4 thoughts on “Divorce Ponderings

  1. Gerry,

    This is a well written and clear explanation on the matters of marriage and divorce. Thank you for capturing this in thought and sharing it!

    Tim

  2. Divorce has been a wound I have wrestled with since the day my parents split up when I was in the 6th grade. I have thought a lot about the grace of God in restoring people after life crushing situations like divorce. My thought has been, “how do you build trust back after divorce”? How does divorce impact our overall Christian Character? How do you go from a guarded heart to a trusting heart? What is the best way to deal with big wounds like divorce? Just some thoughts…relationships take a lot of work…it is perplexing to think of how much work, time, love, and effort God invests into all of us.
    Tim

  3. I have a question about reconciliation. My husband and I divorced twenty years ago, and during this time I neither dated nor remarried. I devoted my time to raising my two sons and serving the Lord. He however, remarried after having two children with two different women and a third with his second wife. All of the relationships have ended and he is again divorced. He went through some hard times and depression and began to call just to talk. We have been talking for close to a year and has hinted to a reconciliation. I forgave him a while back in order for me to move on but I am not sure where the Bible stands on reconciliation after he was remarried. I do not want to be compounding sin in ignorance. I would love to know your thoughts.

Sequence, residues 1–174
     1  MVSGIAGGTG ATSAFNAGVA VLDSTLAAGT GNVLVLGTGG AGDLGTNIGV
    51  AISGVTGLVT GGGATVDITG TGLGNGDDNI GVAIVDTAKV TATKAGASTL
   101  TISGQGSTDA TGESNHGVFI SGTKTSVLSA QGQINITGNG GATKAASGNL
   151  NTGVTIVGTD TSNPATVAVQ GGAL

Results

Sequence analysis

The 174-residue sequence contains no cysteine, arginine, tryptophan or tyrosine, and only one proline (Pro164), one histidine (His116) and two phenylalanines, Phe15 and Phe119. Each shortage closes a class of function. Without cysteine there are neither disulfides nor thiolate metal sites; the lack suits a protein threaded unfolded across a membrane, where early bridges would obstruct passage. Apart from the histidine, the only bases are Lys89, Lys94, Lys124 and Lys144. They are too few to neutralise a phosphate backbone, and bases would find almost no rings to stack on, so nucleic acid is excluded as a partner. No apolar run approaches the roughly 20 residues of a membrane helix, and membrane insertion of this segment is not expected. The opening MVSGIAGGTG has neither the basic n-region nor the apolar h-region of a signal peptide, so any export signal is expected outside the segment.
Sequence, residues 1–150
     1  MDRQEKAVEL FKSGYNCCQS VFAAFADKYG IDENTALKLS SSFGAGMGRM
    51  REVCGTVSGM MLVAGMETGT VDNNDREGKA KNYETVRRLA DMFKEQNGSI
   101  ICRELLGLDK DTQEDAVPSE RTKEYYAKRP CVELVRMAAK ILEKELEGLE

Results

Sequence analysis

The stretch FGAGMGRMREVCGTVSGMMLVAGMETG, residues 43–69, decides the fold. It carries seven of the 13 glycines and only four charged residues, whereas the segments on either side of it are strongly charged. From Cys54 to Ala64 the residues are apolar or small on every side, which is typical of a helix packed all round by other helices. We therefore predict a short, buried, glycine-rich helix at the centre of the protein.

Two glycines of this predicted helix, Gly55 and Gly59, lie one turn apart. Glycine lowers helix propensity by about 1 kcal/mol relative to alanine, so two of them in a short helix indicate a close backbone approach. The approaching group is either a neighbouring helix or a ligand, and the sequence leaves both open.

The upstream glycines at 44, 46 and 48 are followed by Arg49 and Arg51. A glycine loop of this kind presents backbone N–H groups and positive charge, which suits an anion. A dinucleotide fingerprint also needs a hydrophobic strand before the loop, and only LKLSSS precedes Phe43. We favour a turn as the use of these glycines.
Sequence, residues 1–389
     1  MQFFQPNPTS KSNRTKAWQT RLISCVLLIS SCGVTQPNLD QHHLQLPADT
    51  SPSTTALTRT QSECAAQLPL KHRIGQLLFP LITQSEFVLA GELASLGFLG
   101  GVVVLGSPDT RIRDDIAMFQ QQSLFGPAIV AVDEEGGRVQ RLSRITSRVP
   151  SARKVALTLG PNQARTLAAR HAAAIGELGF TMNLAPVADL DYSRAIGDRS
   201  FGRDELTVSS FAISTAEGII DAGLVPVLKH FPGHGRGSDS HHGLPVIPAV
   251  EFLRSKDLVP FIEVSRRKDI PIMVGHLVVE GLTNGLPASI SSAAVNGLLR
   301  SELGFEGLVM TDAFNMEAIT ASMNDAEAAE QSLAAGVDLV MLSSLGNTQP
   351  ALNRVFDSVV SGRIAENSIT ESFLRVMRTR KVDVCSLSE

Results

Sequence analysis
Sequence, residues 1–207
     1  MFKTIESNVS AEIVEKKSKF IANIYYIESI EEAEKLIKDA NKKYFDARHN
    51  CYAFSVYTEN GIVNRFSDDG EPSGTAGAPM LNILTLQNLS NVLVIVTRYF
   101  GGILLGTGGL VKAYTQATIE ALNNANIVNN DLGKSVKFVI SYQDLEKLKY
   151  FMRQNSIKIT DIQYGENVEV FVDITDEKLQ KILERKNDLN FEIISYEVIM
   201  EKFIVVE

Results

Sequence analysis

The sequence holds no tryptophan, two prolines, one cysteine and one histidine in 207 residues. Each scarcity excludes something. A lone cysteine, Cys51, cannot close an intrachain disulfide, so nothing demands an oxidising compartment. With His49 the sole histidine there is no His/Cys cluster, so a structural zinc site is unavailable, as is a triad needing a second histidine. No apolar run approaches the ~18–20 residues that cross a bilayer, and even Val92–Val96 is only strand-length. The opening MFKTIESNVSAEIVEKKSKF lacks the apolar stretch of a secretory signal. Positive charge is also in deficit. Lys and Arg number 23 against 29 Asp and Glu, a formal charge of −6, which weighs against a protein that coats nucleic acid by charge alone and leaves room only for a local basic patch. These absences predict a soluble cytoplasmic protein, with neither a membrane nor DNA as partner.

• This is quite a story! I applaud your faithfulness to your marriage and family even when it had to be super hard much of the time. The OT is quite clear that taking a divorced spouse back is forbidden (Deut. 24) but we are no longer under the Mosaic Covenant – that was aimed at life in Israel. Further, it is aimed at men who kick their wives out and then soon bring them back when other arrangements don’t work. The certificate of divorce leaves the woman free to move on, perhaps into another marriage.

      Genesis as affirmed by Jesus is quite clear that marriage is one man, one woman, husband and wife for life. The death of a marriage means divorce happens but the goal is always one marriage. The huge question is whether you and your husband are really to the point where you can fully trust each other and live under the marriage vows: In dependence upon God’s gracious love, I do vow that I will be your loving and faithful husband/wife. I take you to be my wedded wife/husband, to have and to hold from this day forward, for better for worse, for richer for poorer, in joy and in sorrow, in sickness and in health, to love and to cherish till death alone shall part us. According to God’s holy ordinance and as an expression of His covenant faithfulness I pledge you my true and faithful love.” If that’s true, then I would support the – gracious, messy – restoration of your marriage.